An underground rap group called Roosevelt Franklin, consisting of Mr. Len from Company Flow and a fellow named Kimani Rogers, recently made the decision to give away their album free on the Internet. The group's second album, Bare Food, can be had for free via a link from a post on their blog.

Granted, this is not the first time something like this has happened. Public Enemy was famously escorted from the Def Jam building for wanting to give away an album for free on the Internet way back in the 1990s. More recently, the rapper that's signed to Conor Oberst's Team Love label has been attempting to give his album away for free[1].

Other than "for promotional purposes only" mixtapes though, which rappers couldn't sell if they wanted to, it's not too often you see rappers opt to give music away for free rather than sell it, especially compared to other forms of music. In fact, this seems to run counter to the hip-hop ethos, which is all about selling things.

Maybe it sucks, or maybe it doesn't (it certainly has a class pedigree), but I doubt very many more than like 8 people will ever download the Roosevelt Franklin album. I try as much as possible to not agree with Stanley Crouch doppelganger Hashim Warren, but in this case he might be right.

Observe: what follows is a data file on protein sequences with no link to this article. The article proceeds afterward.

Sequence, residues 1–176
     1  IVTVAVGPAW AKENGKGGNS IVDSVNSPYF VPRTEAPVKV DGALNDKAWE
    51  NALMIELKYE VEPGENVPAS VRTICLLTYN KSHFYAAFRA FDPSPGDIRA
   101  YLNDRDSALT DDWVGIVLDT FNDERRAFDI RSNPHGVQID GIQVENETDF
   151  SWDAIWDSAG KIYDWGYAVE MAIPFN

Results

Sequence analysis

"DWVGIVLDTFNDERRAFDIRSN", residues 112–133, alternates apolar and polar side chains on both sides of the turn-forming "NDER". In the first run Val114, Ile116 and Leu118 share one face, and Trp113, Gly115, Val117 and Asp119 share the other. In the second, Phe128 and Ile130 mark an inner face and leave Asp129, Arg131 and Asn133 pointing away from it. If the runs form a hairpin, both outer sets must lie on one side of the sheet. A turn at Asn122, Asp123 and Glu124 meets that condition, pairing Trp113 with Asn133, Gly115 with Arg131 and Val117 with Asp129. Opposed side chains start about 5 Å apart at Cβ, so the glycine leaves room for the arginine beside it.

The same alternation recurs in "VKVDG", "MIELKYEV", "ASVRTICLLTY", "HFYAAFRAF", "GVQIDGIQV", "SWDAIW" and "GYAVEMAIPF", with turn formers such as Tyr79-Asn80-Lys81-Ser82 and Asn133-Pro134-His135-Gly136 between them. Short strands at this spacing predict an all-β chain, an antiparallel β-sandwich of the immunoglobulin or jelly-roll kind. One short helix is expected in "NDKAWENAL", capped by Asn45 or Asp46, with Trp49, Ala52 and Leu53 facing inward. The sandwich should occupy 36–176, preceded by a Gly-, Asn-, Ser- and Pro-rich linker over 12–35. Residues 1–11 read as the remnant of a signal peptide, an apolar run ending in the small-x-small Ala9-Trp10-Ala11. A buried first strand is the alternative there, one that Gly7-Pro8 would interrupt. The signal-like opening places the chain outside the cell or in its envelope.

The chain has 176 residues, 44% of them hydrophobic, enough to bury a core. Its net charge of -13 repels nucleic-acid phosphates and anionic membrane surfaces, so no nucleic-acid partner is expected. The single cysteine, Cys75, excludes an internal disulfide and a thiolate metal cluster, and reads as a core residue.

Opting to give away an album for free, out of sheer love for the culture, certainly seems like a nice gesture, dubious though it may be[2]. But I'm not sure how hip-hop it is. Professor X, who died recently, once attempted to auction his body on eBay to buy a new nose ring or some such. I'd be more inclined to download his album.

[1] Yeah, I realize that's the second time I've mentioned Conor Oberst since I've been here, which has only been like a week. Um, nullus.

[2] It's likely they couldn't talk any record companies into releasing it.